Tangent is a Danish company that makes a whole range of audio products including loudspeakers, radios, sub-woofers, docks and wireless audio products. Originally established way back in the 1970’s as a specialist loudspeaker company they expanded their lineup in 2005 by introducing hi-fi separates and table radios as well. Their objective, putting it in their own words is “fundamentally correct design can produce a product capable of achieving excellent performance and affordability”.
The Classic BT is essentially an active stereo speaker packaged into a single wooden cabinet. However that is a rather simplistic description of what is a superlative blending of craftsmanship and aesthetics. The cabinet is a fairly large oval box (600 x 230 x 320 mm wxhxd), wrapped in a sumptuous walnut finish. An ashwood option is also available. It weighs a reasonable 4.5kg and has a beautiful wooden remote with all the major functions on it, since there is no other way of operating the Classic. Additionally a wooden stand is supplied that can hold an iphone/ipod or similar sized smart phone in an upright position. This stand is not a dock in the sense that there is no connection wired or wireless to the speaker itself. The whole front of the speaker is covered in a non-removable grille with a folded fabric tangent logo, in red, inserted into the seam between the grille and the cabinet, at the right bottom. The rear consists of two bass reflex ports, an Aux in, an USB connection for charging and a dc power connection. The other input to the Classic is by means of a blue tooth wireless signal, which presumably, the BT in the model name refers to. The amplifier in the speaker is specified at 2×50 watts, however no impedance rating or any other details are provided. The bottom of the speaker has two rubber feet, the one at the front being slightly larger than the rear foot, such that the speaker is slightly tilted upwards towards the listener.
Connection & Setup:
As a wireless speaker, the Classic uses the Bluetooth data exchange standard. Connection is quite simple, just turn on the Bluetooth in your smart phone or computer, search for devices and hit the pair button on the Classic remote after having turned on the unit with the power button. The paired device is recognized as Tangent Classic and you are good to go. The aux in connection can also be used by employing a 3.5mm to 3.5mm male connector from the headphone out of the smart phone/computer to the aux in jack. The smart phone or computer will detect the Classic as headphones completing the connection, just press aux on the remote to start listening.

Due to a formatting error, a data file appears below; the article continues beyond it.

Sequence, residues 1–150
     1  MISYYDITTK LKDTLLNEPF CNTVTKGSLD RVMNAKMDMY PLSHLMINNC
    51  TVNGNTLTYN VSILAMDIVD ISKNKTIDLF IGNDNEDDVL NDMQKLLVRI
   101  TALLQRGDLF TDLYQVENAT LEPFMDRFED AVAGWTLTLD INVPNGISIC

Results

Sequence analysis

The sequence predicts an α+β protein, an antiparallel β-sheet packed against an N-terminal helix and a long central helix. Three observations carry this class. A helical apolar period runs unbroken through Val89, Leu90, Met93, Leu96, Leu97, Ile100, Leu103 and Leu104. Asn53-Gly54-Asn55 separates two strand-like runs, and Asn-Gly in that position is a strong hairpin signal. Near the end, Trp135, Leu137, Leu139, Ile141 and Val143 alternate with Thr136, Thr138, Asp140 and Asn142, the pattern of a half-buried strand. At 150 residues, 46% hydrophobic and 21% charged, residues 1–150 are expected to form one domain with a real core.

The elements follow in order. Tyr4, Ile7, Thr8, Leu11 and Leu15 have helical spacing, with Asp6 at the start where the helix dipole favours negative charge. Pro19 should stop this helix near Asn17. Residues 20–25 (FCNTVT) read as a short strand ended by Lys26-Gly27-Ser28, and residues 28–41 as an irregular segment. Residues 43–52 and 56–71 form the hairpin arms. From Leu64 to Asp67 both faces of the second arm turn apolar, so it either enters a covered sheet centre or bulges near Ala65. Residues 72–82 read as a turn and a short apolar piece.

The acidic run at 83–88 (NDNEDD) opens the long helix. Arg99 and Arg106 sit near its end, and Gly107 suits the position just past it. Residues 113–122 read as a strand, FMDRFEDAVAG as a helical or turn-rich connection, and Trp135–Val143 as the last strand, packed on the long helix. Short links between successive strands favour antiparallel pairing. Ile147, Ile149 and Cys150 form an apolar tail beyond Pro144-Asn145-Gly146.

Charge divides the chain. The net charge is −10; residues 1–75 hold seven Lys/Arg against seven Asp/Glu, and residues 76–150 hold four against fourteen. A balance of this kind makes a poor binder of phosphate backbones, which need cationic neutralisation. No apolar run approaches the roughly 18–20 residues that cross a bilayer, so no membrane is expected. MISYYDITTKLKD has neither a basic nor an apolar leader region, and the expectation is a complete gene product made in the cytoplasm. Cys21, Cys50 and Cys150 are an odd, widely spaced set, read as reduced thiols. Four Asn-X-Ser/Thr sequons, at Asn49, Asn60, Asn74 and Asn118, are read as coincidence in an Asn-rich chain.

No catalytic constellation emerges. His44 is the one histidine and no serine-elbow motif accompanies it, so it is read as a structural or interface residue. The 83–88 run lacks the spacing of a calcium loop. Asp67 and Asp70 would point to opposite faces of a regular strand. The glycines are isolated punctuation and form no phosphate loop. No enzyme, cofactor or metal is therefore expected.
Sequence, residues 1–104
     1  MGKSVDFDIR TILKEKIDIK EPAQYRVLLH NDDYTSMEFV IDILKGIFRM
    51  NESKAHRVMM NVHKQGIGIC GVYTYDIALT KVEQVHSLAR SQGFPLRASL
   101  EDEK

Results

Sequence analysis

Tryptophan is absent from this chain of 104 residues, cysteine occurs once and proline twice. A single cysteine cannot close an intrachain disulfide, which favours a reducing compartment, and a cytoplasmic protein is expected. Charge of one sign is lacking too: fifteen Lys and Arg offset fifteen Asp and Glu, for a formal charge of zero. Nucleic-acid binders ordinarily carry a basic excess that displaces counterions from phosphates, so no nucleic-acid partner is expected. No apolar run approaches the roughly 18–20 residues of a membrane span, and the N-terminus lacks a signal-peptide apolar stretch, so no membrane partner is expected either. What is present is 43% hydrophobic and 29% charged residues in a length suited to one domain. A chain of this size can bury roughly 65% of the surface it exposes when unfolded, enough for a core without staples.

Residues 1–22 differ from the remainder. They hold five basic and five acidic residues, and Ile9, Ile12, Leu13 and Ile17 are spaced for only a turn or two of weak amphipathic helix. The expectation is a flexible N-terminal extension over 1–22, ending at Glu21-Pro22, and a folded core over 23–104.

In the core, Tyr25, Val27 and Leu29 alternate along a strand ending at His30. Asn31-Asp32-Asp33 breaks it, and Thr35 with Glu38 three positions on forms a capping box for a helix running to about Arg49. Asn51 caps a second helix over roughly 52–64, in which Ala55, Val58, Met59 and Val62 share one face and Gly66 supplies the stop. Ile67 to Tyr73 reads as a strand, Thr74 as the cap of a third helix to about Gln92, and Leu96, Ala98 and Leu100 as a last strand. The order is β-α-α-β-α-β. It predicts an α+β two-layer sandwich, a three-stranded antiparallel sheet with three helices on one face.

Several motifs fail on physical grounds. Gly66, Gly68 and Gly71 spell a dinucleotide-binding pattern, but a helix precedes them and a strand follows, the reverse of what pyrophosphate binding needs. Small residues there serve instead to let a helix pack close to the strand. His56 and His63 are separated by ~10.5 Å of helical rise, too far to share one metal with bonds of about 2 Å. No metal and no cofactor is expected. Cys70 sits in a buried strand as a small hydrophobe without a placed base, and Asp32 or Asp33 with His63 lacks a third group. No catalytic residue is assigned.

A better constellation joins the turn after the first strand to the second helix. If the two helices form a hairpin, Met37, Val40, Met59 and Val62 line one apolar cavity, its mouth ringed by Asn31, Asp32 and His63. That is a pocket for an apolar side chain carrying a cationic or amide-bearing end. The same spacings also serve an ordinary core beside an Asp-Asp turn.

Since this type of a speaker is most likely to be mounted on a desk, nightstand, or perhaps a credenza, and not the formal stereo speaker setup of stands and racks, I placed the Classic on my work desk. In the first position, slid all the way to the end of the desk, the rear ports were only 15cm away from the rear wall and initial listening caused the music to boom unpleasantly. Consequently I moved the Classic forward on my desk so as to leave at-least 1m behind the unit from the wall. This sounded better but was inconvenient as the speaker was sitting half way in the middle of my work area. Eventually the listener will have to decide how best to place the unit, but balanced sound will require significant clearance from the rear wall. One more feature included in the unit is 5 fixed equalization settings – Flat, Classis, Pop, Rock & Jazz that can be accessed on the remote. These settings had a very subtle effect, and I preferred the flat setting most of the time.
How does it sound?